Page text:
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    Drug safety experts stunned by vincristine-related death




    Drug safety experts stunned by vincristine-related death

    For the second time in less than four years, a New Jersey patient who was undergoing chemotherapy at a hospital died because a drug was given via the wrong route of administration. Instead of being given intravenously, vincristine, a chemotherapy agent used to treat certain types of leukemia, was delivered intrathecally.

    In the most recent incident, the family of Richard Fulton filed a wrongful death medical malpractice claim against Randall Siegel, M.D., and Saint Peter's University Hospital in New Brunswick, N.J. Fulton was battling Burkitt's lymphoma when he died in July of 2002.

    In an earlier incident—in 1999—Mt. Olive, N.J., police chief Charles Brown died when a physician at Morristown Memorial Hospital injected vincristine into Brown's spine instead of his veins. Brown was also being treated for Burkitt's. A malpractice lawsuit was recently settled in that case.

    The Fulton case, said Michael Cohen, president of the Institute for Safe Medication Practices, "was a shocker." ISMP has issued no fewer than 10 warnings in the past several years regarding the grave risks associated with intrathecal injection of vincristine. The Fulton tragedy has left many medication safety experts scratching their heads. The U.S. Pharmacopeia requires manufacturers of vincristine to provide special package warning labels indicating that vincristine, if given intrathecally, is fatal.

    As an extra-added precaution, manufacturers are also required to provide plastic overwrap bags for syringes and vials. In addition, most hospitals administer intrathecal medications in areas physically separated from rooms where IV medications are given.

    What has medication safety experts perplexed about the Fulton case in particular is that some of the standard protocols associated with intrathecal administration were followed. According to Ronald Goldfaden, an attorney representing Fulton's family, the patient's drug regimen included four agents, one that was being administered intrathecally. Goldfaden said that, based on information obtained from the hospital, Fulton was taken to a special procedures room to receive his intrathecal medication. But when he arrived, there were no medications present. Three IV medications and one intrathecal agent were brought to the special procedures room where he was given the fatal dose of vincristine intrathecally.

    ISMP's Cohen said that drugs such as vincristine that are designed for intravenous administration should never be sent to the same area where intrathecal medications are being administered. "Never send vincristine from the pharmacy if a patient is simultaneously getting intrathecal medications, such as methotrexate or cytarabine, until you get a call from the clinical staff that says they've completed the intrathecal therapy, redressed the lumbar puncture site, and are ready for the IV drug," he said.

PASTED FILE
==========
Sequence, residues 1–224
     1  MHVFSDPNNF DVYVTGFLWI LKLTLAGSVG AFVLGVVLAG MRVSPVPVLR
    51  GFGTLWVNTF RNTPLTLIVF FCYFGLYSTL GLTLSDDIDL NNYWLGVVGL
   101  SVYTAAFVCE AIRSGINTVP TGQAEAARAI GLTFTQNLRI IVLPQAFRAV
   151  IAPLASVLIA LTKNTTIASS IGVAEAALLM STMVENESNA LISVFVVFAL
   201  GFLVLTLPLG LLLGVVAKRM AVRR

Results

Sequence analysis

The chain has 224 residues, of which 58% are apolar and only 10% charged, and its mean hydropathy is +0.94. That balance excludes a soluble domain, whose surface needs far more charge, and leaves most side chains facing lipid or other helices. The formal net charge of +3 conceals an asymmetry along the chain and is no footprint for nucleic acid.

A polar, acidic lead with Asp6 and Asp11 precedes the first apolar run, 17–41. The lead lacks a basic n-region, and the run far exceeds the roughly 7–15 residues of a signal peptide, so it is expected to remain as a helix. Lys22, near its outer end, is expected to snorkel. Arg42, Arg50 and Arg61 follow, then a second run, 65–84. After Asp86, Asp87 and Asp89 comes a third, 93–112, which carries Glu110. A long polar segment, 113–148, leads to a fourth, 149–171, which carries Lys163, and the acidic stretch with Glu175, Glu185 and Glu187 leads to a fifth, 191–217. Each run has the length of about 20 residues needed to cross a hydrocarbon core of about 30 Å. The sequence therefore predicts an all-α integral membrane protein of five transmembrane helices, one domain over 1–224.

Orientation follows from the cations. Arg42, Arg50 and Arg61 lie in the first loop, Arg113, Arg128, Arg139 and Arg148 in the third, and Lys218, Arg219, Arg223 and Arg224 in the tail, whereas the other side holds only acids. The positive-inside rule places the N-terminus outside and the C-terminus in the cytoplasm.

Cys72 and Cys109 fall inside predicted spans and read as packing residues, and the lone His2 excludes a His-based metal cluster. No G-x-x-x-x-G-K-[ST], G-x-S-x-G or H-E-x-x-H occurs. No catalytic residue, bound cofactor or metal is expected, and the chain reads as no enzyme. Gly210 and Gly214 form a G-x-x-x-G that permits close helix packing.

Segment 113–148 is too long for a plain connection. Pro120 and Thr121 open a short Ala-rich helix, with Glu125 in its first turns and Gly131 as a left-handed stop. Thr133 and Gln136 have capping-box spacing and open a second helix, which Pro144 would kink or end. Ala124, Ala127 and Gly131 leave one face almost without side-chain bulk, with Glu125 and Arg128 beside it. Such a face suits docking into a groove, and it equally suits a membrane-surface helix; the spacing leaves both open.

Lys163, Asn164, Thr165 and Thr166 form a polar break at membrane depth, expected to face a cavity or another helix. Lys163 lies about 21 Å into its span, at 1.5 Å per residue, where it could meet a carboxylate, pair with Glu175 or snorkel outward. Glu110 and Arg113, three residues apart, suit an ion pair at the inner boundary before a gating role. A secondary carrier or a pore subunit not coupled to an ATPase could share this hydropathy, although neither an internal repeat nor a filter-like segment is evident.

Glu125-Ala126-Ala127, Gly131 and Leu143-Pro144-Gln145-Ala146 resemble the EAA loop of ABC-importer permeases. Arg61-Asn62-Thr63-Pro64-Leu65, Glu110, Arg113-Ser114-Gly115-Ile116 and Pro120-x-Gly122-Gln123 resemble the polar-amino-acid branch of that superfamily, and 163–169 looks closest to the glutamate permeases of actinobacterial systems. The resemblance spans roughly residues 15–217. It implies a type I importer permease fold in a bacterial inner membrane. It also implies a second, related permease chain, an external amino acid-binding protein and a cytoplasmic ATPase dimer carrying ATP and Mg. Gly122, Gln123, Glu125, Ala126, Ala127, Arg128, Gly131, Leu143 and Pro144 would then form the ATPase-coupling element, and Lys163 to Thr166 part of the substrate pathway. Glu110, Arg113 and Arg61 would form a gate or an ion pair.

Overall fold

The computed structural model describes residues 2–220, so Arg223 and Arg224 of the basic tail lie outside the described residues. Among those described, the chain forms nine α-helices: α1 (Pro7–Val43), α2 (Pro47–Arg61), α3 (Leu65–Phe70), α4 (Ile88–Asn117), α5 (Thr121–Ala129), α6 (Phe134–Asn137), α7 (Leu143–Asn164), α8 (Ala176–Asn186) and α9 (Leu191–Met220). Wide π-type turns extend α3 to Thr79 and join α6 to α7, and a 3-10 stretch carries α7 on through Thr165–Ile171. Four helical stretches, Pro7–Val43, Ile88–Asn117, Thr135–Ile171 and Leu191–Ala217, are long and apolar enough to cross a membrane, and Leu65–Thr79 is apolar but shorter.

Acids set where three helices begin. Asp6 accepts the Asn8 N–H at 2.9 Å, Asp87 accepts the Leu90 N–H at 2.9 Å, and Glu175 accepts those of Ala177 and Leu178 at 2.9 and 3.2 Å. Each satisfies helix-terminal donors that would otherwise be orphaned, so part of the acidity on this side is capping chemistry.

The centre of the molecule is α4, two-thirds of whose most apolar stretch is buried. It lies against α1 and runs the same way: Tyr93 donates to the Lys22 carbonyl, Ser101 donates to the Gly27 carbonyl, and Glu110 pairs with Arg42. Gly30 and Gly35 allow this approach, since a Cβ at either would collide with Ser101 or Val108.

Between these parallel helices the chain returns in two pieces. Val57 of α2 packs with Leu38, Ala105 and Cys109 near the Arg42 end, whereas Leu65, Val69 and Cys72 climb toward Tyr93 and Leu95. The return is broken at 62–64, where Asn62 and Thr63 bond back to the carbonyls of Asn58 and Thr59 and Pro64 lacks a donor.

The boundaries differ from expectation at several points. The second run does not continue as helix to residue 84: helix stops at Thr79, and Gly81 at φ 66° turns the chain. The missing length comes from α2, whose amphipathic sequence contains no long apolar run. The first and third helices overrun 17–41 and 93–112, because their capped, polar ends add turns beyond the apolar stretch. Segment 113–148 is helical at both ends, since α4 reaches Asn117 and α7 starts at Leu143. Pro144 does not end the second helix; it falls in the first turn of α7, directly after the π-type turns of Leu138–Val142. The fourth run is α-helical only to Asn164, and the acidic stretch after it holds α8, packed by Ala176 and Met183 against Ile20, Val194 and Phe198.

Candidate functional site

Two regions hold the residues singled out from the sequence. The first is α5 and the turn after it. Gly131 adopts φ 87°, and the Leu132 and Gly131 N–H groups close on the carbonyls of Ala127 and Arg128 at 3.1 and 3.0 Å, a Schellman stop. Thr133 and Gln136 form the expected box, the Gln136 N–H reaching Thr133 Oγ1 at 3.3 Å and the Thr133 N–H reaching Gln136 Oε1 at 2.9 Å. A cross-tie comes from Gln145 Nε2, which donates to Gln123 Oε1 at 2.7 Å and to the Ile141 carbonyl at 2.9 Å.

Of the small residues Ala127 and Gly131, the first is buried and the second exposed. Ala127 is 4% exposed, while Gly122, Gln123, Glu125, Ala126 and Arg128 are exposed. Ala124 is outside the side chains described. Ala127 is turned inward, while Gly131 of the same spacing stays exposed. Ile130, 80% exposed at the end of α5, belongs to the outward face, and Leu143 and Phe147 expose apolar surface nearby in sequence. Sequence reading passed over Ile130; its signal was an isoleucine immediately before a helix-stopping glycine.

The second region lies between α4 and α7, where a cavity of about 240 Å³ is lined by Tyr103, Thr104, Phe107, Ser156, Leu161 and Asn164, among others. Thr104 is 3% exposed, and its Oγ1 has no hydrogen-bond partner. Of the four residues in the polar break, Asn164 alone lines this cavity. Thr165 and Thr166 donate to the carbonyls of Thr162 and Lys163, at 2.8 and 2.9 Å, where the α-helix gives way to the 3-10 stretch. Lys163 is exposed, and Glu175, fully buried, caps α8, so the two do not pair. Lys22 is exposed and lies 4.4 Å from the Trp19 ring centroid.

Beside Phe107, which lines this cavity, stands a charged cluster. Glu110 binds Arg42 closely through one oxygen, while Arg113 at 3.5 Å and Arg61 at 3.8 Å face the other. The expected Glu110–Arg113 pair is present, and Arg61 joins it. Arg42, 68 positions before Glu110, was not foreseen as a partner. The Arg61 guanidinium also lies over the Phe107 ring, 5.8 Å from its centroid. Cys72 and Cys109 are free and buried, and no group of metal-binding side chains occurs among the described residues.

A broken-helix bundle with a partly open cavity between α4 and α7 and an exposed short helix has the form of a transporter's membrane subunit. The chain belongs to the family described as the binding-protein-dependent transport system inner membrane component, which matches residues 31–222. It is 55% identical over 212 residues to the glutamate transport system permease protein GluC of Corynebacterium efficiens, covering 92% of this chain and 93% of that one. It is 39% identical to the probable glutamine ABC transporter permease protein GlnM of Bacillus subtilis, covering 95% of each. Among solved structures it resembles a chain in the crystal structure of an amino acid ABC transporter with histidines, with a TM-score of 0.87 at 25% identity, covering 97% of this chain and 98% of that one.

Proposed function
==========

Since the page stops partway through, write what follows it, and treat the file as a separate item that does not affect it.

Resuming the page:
The Fulton tragedy underscores the need for more oversight when it comes to vincristine administration, noted Larry Trissel, director of clinical pharmaceutics research program, M. D. Anderson Cancer Center in Houston.

    Trissel asserted that many of the errors involving vincristine occur because it is usually a part of a multidrug regimen that includes agents that are supposed to be administered intrathecally. This confusion happens frequently with methotrexate and cytarabine, both of which are given intrathecally, he said.

    Even when safety protocols are followed, such as in the Fulton case where separate rooms were designated for intrathecal drug administration, tragic errors can still occur. "As you can see, there's still a way around that, and that was simply carrying the drug up to the wrong place," said Trissel.

    Medication safety experts assert that there are several ways to avoid administration problems associated with vincristine. One way would be to dilute it. Vincristine doses should be prepared only in infusion volumes. That would make them unsuitable for intrathecal injection. Packaging vincristine doses in minibags is a good idea too because minibags are incompatible with intrathecal drug delivery, thereby providing a physical barrier to accidental intrathecal injection.

    ISMP has been pressuring syringe and catheter manufacturers to install special catheters and syringes designed only for intrathecal injections so that IV drugs like vincristine simply cannot be connected. Cohen noted that some hospitals have built custom-made catheters and syringes designed for intrathecal injections. However, the major commercial vendors have not marketed such systems. "They have balked at development saying that the business case doesn't support it," said Cohen. He added that standard setting and regulatory requirements might be necessary to ensure patient safety.

    Cohen contends that the errors linked to vincristine are "100% preventable. We ought to be able to take steps to prevent this from even being a problem in a hospital."

    Anthony Vecchione


    Tony Vecchione. Drug safety experts stunned by vincristine-related death. Drug Topics May 19, 2003;147:HSE31.

    Anthony Vecchione
    Anthony Vecchione is Executive Editor of Drug Topics.

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